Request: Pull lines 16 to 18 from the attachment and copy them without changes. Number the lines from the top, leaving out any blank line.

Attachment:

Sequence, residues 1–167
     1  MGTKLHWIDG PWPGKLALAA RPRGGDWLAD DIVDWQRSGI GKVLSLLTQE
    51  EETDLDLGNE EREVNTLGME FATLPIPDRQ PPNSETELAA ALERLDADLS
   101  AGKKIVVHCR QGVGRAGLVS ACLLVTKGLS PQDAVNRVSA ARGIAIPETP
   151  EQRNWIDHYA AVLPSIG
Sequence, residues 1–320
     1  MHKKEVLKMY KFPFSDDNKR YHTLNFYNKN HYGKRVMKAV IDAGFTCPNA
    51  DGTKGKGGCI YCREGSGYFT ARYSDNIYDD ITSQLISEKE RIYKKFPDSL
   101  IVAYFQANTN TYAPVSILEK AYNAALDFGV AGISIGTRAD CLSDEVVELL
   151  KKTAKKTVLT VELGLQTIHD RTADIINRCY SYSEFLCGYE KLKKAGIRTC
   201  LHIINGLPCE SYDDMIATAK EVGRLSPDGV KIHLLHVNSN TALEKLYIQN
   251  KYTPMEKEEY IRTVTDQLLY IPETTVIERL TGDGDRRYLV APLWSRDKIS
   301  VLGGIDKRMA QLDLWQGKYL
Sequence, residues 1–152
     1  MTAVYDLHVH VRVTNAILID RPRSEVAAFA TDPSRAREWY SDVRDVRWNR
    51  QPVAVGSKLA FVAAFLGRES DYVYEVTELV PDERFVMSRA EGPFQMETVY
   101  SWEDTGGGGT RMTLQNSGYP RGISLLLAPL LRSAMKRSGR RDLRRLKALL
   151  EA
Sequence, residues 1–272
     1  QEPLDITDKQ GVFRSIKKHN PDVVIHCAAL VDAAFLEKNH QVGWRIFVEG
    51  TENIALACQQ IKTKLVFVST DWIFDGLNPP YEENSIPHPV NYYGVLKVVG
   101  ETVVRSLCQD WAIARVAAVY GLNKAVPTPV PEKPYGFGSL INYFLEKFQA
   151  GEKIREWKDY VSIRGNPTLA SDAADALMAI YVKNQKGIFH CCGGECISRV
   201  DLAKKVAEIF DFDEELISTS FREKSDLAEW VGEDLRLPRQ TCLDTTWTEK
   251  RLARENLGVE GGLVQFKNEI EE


    51  QPVAVGSKLA FVAAFLGRES DYVYEVTELV PDERFVMSRA EGPFQMETVY
   101  SWEDTGGGGT RMTLQNSGYP RGISLLLAPL LRSAMKRSGR RDLRRLKALL
   151  EA